We have invited Alex White from Next Big Sound to lead the conversation and guide us through some of the issues of music related data aggregation. As always, this will not be a presentation but an open conversation between everyone in the room with Alex leading what could almost be called a round table discussion.

Moderating for the event will be Jonas Woost, co-founder of OpenMusicMedia as well as the former Head of Music at Last.fm. Jonas joins us from from his new home in Vancouver, where he is setting up a media consultancy business. Our co-moderator is Steve Savoca, global head of digital business for Domino Records and producer of OpenMusicMedia NYC.

We will meet on the 7th July at reRun and the event is free and open to everyone. However we would appreciate if you could RSVP on our facebook page. We look forward to seeing you there!

OpenMusicMedia NYC
Wednesday, July 7
at reRun (part of reBar, 147 Front St, 2nd Fl in DUMBO, 11201, Brooklyn, NY)
7-9 PM
Map: http://bit.ly/9VqMoh

Please RSVP on our facebook group.

After years of proclaiming the ‘death of the physical format’ we’re still celebrating the traditional independent record shops. While big chains are disappearing or changing their inventory from music to other entertainment products the local record store still seems to have an important role in music discovery and delivery.

In our next OpenMusicMedia session on the 26th May we will be joined by Stephen Godfroy who is the Director of Rough Trade Retail to discuss some of the following issues:

  • What is the current and future role of independent record shops?
  • What is the state of the physical record business?
  • With digital music becoming ubiquitous, what does that mean for physical formats?
  • What role do record shops provide for a local music scene?
  • Will record shops continue to act as a ‘filter’ for music recommendation or are they mainly a point of distribution?

We will meet again in the William IV in East London, a short walk from Old Street station. Sticking to the OpenMusicMedia formula this will be an open conversation and we’re looking forward to everyone’s contribution. All OpenMusicMedia events are free but we appreciate you RSVPing on our facebook event. To get in touch please leave a comment below or send us a message on Twitter. Looking forward to seeing you there!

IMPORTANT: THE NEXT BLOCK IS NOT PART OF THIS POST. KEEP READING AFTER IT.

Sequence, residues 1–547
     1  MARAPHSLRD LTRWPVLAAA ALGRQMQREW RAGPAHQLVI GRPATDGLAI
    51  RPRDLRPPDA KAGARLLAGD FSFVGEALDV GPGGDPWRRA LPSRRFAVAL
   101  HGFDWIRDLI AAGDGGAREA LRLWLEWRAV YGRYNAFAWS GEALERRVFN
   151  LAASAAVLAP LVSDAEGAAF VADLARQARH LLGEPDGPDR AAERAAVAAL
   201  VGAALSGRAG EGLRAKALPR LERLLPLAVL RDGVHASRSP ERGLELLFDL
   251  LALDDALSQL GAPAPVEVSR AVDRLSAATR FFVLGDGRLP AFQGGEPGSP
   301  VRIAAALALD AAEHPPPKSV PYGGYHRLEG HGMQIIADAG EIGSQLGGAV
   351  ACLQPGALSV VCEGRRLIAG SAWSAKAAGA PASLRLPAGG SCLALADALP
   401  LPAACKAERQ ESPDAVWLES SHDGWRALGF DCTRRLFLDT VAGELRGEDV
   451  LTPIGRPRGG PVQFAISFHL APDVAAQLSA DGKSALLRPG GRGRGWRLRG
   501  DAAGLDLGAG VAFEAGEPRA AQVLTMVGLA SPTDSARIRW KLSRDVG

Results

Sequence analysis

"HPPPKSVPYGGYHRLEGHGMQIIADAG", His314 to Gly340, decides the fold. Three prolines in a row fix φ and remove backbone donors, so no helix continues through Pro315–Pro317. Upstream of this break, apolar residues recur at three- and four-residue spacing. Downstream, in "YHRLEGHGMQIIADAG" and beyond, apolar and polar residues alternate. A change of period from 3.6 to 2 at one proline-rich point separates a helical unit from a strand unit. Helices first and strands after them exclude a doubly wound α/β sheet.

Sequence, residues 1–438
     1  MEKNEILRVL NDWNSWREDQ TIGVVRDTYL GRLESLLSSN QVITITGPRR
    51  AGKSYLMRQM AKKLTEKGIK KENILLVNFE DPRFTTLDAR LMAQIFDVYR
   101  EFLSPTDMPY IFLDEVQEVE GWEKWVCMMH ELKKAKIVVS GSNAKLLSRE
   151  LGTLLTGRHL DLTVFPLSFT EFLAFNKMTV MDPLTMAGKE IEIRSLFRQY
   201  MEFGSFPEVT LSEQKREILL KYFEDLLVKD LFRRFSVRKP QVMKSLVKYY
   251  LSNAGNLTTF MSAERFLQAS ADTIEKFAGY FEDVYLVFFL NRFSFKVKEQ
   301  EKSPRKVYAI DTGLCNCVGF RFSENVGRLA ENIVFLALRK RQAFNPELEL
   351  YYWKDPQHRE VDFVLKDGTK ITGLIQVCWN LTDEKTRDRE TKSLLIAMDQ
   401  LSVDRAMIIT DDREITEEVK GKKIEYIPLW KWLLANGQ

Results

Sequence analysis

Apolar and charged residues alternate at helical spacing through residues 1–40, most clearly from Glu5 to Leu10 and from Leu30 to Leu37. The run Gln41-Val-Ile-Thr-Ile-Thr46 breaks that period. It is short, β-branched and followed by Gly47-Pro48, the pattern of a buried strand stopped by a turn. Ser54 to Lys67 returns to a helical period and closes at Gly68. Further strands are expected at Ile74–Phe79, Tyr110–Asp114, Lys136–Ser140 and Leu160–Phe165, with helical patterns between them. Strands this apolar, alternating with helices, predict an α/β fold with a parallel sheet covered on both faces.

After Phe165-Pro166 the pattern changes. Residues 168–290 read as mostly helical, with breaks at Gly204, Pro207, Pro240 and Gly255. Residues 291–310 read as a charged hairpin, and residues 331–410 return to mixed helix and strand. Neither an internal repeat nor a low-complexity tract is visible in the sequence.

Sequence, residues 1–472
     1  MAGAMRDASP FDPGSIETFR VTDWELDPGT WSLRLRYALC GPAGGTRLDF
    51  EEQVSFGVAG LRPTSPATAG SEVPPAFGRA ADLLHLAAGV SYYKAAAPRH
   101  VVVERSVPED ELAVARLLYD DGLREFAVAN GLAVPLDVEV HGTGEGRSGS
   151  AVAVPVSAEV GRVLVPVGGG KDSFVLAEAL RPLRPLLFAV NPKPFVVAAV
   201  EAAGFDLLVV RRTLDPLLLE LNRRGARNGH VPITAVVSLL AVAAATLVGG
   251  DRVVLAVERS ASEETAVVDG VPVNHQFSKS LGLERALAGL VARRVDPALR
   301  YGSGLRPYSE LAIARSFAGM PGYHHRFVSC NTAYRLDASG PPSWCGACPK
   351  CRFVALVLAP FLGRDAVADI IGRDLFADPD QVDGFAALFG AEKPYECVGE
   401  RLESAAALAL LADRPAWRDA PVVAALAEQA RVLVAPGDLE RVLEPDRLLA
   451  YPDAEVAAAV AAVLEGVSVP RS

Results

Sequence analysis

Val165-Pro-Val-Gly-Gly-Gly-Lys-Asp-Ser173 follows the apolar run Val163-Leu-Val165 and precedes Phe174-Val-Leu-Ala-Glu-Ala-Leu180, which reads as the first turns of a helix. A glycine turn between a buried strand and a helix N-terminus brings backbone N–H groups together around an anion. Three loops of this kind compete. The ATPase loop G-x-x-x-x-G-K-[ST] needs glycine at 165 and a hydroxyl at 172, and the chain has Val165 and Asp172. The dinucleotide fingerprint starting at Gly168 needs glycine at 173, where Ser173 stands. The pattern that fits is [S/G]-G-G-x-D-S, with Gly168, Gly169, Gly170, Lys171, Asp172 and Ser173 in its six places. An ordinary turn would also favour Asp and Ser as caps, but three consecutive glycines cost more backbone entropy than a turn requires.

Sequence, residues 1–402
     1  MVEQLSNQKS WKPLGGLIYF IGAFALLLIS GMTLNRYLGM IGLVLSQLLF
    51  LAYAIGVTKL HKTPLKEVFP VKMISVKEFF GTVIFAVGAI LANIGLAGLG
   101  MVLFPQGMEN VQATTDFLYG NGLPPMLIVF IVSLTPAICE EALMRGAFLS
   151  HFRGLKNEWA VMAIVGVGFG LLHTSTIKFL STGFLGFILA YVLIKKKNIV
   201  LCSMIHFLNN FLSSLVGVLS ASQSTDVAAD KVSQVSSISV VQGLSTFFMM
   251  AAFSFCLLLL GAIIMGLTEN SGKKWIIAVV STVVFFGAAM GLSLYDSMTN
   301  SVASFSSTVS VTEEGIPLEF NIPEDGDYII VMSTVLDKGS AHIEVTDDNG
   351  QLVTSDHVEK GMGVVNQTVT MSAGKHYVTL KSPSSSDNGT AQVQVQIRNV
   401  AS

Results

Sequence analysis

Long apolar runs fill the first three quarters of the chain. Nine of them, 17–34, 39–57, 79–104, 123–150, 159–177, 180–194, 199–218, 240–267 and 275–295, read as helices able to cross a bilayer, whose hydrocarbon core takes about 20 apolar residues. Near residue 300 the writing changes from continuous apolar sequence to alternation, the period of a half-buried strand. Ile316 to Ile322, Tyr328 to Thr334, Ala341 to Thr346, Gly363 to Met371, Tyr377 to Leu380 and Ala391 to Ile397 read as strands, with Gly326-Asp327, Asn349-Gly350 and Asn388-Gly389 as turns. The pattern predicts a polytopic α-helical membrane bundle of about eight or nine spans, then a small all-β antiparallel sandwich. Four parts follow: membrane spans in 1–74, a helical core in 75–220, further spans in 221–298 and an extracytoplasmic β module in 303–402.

Wednesday, 26th May 2010 6:00 PM

at the William IV

7 Shepherdess Walk
London, N1 7QE
(Google Maps)

Important: unfortunately (and inconveniently) the William IV is now closed. However, we found a great replacement venue which we feel works very well for OpenMusicMedia; we will now meet at the Red Lion which is only a 15 min walk from the William IV (just behind Hoxton Square). You can find the details at the bottom of this post.

Joi ItoAfter months of trying to get this nailed down we are very pleased to announce that Joi Ito will be in London and joining us to lead the conversation at the next OpenMusicMedia! Joi is the CEO of Creative Commons so make sure you clear your diaries for 17th September for what looks set to be a great session.

Most of you will probably have heard of Creative Commons already, but we think that it’s a topic that is not discussed enough by a music industry that has traditionally built its business around a different view of copyright. There’s lots to discuss and we’ll only have one evening, but here are just a few of issues that we’d like to talk about:

  • What role does Creative Commons have to play within the music industry?
  • Does CC mean we are just giving away our music for free and no one makes any money?
  • The existing licensing structure for the music industry has been working for so many years, is CC just making it more complex?